Professional mains RF bug
The Adapter Bug shown below, was a professional crystal-based
that was built completely inside the plastic enclosure
of a mains power adapter. It was powered directly from the AC mains and
contained a sensitive microphone. The unit was probably built by
The image on the right shows a typical example of such a bug.
It is built inside the case of a standard power adapter, similar to the
ones that are usually supplied with domestic equipment, such as portable
radios, calculators, mobile phones, cameras, portable flashlights, etc.
Inside the case however, is a sophisticated FM radio transmitter with
a sensitive microphone that can pick up any conversations in the room.
The unit is powered directly from the mains, using a built-in power supply
unit (PSU). A thin black 50 cm wire is used as the antenna.
The bug was professionally built and was extremely stable, due to the
fact that it was driven by a quartz crystal. As it uses narrow-band
frequency modulation (NBFM) it uses its RF power more efficiently than
similar wide-band transmitters, resulting in a range of several
The image on the right shows the interior of the Adapter Bug.
As the entire circuit is covered in hard brown epoxy, we can't really
see any details of the design. As there are no serial numbers, logos
or other manufacturer marks on the device, we can't determine the identity
of the manufacturer with absolute certainty either.
After closely examining the interior of the bug, and by knowing the route
by which this bug ended up in our collection, it seems safe to assume that
it was built by Mactron Electronics
in Oosterbeek (Netherlands) in the early 1990s.
Looking at the image above, the design can be split in two halfs along
the long axis. The front half contains the actual transmitter with the
crystal roughly in the middle (sticking out of the epoxy). To the left
of the crystal is the RF output section with some adjustments for tuning.
The microphone pre-amplifier must be to the right of the crystal,
as the grey wire to the microphone comes out of the epoxy at the far right.
The layout and size of this circuit is nearly identical to the
Mactron Mark II Bug. An example of such a bug
is shown in the image on the right.
The rear half of the unit contains the mains power supply unit,
with three blue electrolytic capacitors just visible through the epoxy.
As the unit is rather old now (more than twenty years)
the capacitors have degraded somewhat, causing a typical 50Hz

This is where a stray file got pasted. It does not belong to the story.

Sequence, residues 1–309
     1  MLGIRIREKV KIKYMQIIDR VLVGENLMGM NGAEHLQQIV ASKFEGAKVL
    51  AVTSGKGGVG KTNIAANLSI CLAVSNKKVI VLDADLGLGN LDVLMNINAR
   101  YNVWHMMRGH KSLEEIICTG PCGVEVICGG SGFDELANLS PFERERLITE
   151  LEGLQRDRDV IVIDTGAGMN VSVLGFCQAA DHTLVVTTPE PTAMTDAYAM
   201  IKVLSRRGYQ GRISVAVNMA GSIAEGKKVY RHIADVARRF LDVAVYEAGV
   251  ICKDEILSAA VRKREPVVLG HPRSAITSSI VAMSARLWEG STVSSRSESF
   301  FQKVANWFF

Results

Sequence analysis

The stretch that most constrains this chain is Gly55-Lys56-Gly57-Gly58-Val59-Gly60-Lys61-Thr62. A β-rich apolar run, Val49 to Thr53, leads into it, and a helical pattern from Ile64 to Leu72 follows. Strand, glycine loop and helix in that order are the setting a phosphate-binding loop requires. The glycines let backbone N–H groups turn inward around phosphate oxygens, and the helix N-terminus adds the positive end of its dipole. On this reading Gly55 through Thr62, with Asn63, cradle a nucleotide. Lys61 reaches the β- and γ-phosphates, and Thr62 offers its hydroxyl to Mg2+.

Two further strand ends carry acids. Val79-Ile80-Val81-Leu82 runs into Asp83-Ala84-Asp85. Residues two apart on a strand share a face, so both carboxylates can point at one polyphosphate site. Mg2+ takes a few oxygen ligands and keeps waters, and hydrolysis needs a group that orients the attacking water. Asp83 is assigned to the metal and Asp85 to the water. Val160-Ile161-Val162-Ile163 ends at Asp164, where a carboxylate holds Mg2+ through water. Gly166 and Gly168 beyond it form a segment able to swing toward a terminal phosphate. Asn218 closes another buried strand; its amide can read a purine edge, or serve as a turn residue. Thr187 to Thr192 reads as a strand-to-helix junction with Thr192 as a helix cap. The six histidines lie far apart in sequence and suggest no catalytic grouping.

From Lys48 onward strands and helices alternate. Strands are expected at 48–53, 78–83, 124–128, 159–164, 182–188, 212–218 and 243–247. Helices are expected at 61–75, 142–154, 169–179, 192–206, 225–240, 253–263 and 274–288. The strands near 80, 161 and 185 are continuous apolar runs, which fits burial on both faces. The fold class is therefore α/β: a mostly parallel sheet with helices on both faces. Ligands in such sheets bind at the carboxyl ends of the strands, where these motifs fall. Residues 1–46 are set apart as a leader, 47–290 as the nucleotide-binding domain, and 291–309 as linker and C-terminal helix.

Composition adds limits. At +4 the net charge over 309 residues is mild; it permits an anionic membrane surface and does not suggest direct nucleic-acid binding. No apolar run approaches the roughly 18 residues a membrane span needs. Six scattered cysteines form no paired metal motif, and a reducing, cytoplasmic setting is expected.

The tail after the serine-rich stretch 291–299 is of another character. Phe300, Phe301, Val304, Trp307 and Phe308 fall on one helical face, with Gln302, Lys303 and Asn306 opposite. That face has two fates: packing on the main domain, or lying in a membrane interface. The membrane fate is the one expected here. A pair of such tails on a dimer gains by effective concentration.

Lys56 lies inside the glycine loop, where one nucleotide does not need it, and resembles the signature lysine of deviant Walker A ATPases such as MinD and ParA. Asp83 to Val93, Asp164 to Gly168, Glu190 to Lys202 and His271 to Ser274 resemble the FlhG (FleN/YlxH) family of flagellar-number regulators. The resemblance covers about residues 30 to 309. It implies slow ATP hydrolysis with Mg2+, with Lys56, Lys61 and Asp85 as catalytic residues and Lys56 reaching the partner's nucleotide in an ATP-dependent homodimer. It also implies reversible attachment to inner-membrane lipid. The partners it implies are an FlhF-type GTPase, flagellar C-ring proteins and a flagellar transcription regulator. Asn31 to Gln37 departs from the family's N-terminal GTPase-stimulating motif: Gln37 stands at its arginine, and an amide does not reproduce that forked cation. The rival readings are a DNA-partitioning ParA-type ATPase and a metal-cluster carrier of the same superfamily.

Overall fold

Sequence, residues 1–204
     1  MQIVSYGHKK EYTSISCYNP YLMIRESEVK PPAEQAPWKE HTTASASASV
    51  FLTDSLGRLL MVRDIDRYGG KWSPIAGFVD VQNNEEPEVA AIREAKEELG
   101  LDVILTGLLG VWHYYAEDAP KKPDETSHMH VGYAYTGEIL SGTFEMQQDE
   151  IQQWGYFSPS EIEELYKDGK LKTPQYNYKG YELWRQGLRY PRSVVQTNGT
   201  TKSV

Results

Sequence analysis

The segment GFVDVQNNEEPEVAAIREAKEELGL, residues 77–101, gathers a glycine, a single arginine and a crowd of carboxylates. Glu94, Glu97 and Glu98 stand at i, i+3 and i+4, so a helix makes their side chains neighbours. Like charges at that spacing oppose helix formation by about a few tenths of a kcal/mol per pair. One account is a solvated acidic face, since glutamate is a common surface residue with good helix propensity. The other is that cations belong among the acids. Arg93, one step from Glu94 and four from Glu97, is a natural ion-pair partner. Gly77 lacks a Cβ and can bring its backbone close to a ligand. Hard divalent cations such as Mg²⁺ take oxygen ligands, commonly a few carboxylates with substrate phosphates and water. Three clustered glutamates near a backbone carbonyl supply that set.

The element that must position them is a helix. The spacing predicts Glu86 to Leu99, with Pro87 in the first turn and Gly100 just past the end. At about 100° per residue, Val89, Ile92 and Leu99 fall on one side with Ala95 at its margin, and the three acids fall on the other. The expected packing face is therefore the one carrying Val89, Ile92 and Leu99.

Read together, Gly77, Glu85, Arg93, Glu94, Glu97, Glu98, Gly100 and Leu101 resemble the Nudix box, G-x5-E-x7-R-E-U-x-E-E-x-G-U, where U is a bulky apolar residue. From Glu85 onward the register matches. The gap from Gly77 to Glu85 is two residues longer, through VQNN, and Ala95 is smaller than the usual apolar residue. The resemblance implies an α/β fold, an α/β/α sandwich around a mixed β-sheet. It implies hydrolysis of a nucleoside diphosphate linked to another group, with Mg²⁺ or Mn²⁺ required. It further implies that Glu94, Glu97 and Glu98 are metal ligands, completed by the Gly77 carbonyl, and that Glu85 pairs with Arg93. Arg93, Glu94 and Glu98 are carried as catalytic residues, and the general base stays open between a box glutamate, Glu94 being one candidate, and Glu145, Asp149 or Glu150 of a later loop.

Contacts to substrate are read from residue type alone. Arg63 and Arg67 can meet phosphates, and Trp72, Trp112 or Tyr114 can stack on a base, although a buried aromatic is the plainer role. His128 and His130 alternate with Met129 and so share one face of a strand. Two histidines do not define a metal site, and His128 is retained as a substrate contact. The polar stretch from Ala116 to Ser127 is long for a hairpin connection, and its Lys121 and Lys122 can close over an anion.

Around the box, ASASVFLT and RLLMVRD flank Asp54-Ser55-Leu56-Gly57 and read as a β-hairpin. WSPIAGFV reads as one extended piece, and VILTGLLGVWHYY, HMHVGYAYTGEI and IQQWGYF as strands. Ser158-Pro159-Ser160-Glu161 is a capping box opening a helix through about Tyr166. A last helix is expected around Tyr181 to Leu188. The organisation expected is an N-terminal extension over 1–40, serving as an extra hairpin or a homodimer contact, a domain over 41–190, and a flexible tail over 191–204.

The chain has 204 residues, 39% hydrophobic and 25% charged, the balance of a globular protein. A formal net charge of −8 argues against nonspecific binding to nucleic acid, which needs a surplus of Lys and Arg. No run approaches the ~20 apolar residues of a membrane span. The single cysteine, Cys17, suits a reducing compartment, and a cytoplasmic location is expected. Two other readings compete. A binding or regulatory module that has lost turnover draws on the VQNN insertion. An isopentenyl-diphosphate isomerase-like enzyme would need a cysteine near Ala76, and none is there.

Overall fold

hum in the transmitted signal.
During the 1970s and 1980s, many FM transmitters built inside adapter
enclosures, similar to the one shown here, were sold in electronics shops
around Europe. Most of these however, contained a
simple free-running FM bug
that was powered directly from the mains by means of a series capacitor.
Such transmitters were generally very unstable and suffered badly from the
so-called hand-effect. They were often used as Baby Monitors or as
simple eavesdropping transmitters.
Although the Adapter Bug shown here looks just like the cheaper alternatives,
it is in fact a professional transmitter. Rather than operating in the
FM broadcast band (88-108 MHz) using wide-band modulation, it works in
the 2-meter band (135-174 MHz) in narrow-band FM. Bugs of this type were
often used as eavesdropping transmitters as they could easily be installed
in, say, a home or an office and did not stand-out between the other adapters
behind the stereo.
Adapter Bugs were also used as training devices for (bug) sweep teams
when learning how to use a Scanlock receiver
or to keep their skills up to date. One colleague would then hide the training
bug somewhere in the building, whilst the other one had to search for it.
The Adapter Bug should not be confused with a
Power Line Bug, such as the Audiotel MCX.
These bugs, also known as Mains Carrier Bugs, are not RF devices but
use the mains power lines as transmission medium.
Any links shown in red are currently unavailable.
If you like the information on this website, why not make a donation?
© Crypto Museum. Created: Sunday 19 May 2013. Last changed: Tuesday, 13 June 2017 - 06:47 CET.